a-crash-course-on-benign-paroxysmal-positional-vertigo-bppvAs a vertigo chiropractor based in Ames, Iowa, I make it my duty to help my patients better understand their health conditions. The term benign paroxysmal positional vertigo (BPPV) can sound intimidating, as it sounds like a severe condition. The truth is BPPV is generally not life-threatening and is the most common cause of vertigo, affecting 107 out of 100,000 people.

Although it is rare for children to have BPPV, it is a common occurrence for adults of any age, and especially seniors. There is no one definite reason as to why BPPV occurs, so it may be confusing to some. In this article, I will discuss the true meaning of the name BPPV, how it develops, and how to find relief.

Dissecting the Term “BPPV”

It is daunting for most people to hear professional medical terms as it always seems like a serious condition when you hear words you don’t quite know. By knowing the meaning of the term, you will have better insight into the full nature of the ailment. Benign paroxysmal positional vertigo (BPPV) is composed of four words, let’s break it down:

  • The term benign means the condition is not life-threatening. 
  • The term paroxysmal means that the condition happens in sudden and brief episodes.
  • The term positional means that the trigger of the episodes are specific movements of the head or changes in the head position.
  • The term vertigo refers to the feeling or sensation of false movement or rotation.

By knowing the meaning of these terms, you can now better understand the true nature of BPPV. Despite the debilitating vertigo episodes, BPPV is not at all life-threatening, and its origin can be explained by the processes happening in the inner ear.

How BPPV Occurs

Different sensory organs coordinate to regulate your balance, including your vision, your proprioceptors (the sensors in the arm or leg muscles and joints), and your inner ear (vestibular system). These parts receive sensory input and send the information over to the central nervous system where the brainstem processes it. In normal conditions wherein all the sensors are working correctly, your body will be able to adjust your posture so that you maintain your balance.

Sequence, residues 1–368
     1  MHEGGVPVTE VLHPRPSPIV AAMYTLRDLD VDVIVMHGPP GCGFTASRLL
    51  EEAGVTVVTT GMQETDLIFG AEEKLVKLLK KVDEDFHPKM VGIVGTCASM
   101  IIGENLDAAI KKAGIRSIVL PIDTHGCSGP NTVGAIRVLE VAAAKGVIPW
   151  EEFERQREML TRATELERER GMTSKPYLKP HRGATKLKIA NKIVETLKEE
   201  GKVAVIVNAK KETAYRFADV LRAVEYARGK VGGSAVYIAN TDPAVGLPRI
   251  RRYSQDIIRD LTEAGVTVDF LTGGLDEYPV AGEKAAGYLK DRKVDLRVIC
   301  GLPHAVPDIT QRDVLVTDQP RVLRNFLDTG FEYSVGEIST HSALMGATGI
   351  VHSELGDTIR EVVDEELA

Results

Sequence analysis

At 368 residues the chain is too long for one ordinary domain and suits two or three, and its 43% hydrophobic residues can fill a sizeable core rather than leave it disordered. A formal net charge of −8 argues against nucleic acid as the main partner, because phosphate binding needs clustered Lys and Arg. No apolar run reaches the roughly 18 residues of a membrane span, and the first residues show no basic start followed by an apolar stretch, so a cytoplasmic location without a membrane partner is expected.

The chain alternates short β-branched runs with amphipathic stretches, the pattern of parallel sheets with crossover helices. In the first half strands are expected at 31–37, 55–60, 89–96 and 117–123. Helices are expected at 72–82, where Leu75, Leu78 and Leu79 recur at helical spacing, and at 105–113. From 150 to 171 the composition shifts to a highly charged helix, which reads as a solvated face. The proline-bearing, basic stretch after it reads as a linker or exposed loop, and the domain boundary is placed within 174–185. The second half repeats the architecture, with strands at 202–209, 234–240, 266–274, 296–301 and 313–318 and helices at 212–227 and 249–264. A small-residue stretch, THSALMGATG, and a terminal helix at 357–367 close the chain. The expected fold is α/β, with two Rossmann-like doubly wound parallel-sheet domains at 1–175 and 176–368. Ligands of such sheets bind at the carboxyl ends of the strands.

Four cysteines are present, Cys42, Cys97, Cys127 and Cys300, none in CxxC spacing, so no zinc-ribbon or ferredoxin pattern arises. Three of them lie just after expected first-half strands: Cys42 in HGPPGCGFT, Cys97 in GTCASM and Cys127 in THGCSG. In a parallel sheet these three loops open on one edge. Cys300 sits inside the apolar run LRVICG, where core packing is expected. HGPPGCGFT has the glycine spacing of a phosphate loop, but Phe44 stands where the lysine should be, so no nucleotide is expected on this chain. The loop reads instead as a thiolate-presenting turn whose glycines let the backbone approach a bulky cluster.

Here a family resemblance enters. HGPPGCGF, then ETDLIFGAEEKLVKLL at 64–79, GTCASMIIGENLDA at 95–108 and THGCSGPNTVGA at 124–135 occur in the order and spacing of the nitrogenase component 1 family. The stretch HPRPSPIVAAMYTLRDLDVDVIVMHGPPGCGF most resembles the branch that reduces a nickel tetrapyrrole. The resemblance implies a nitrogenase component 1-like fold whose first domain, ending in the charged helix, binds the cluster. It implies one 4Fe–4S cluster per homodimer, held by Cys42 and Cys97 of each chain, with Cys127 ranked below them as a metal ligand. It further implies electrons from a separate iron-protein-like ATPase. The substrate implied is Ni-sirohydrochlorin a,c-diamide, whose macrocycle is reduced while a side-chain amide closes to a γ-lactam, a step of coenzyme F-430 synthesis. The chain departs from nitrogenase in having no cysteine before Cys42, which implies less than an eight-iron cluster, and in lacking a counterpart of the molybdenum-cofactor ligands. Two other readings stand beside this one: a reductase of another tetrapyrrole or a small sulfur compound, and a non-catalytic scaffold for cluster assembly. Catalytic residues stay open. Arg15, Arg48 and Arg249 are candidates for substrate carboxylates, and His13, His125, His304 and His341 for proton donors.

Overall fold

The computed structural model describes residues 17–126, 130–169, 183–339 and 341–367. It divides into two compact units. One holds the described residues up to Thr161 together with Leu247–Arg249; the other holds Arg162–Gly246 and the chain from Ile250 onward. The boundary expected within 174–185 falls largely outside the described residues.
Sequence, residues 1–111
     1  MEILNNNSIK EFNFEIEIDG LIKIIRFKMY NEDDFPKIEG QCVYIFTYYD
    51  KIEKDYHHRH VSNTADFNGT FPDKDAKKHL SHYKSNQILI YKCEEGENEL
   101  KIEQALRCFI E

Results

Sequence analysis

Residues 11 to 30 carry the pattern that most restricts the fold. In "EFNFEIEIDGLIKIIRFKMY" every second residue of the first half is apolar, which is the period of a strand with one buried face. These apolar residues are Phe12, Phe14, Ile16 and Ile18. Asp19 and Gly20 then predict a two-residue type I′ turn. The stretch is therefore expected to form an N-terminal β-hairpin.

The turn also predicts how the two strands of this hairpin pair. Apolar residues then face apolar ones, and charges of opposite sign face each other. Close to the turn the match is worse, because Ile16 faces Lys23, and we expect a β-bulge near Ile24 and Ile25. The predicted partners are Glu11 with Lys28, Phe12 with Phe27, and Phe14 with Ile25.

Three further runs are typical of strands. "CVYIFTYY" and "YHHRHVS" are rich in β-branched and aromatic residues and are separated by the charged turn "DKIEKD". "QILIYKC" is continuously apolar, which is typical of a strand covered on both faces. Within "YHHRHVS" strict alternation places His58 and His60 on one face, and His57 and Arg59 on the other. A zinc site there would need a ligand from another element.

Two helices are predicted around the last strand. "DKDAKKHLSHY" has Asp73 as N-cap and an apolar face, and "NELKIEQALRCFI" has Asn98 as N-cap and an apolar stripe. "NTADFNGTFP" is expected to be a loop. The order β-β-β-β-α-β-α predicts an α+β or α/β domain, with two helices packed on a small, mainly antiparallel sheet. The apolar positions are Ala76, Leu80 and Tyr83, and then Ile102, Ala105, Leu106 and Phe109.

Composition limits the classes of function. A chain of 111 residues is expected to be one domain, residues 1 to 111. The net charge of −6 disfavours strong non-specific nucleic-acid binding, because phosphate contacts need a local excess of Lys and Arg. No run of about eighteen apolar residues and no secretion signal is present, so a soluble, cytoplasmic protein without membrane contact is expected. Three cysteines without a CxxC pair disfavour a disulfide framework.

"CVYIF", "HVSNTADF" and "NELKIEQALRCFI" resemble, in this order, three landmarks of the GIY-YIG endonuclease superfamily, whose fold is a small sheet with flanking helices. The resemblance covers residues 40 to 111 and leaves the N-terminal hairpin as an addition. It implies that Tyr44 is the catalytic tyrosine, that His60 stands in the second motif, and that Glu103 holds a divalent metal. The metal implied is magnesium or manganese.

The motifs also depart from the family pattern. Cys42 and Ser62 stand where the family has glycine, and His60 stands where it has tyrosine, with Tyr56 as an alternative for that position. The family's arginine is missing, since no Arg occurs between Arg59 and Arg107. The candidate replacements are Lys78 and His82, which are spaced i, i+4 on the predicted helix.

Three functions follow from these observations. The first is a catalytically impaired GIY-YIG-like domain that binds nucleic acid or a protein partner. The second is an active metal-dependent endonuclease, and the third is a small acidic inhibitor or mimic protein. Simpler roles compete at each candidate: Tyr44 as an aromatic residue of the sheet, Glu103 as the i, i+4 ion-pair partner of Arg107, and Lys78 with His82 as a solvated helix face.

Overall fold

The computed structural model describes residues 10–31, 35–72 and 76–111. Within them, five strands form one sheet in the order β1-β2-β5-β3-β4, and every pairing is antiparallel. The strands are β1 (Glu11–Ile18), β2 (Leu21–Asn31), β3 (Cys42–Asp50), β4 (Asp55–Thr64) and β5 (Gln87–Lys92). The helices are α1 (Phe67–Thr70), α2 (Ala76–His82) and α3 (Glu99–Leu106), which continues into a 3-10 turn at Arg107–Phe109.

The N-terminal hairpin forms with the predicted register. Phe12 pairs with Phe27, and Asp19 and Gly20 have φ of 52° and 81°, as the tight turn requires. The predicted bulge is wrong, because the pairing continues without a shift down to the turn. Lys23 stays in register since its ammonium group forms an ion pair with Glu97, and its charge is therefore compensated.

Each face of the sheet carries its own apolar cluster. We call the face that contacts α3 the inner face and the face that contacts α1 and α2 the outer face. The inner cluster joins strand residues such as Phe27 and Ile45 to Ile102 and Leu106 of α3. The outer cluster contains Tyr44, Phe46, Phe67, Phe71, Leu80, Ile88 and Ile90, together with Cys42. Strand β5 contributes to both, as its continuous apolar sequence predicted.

Your inner ear has what you call otoconia, which are calcium carbonate crystals staying in one specific place. When you have BPPV, these crystals are dislodged and move into the three fluid-filled semicircular canals. This disrupts the normal fluid movement in the inner ear, causing the sending of incorrect signals to the brain regarding the movement of the body. The brain may detect motion even when there is none, which leads to vertigo.

People with BPPV can experience varying symptoms, frequency, and severity, but the shared experience of the condition includes the following:

  • Short, intense episodes of vertigo 
  • Syncope or feeling faint
  • Nystagmus or the abnormal movements of the eyes during a BPPV attack
  • Nausea and vomiting for those with severe bouts of vertigo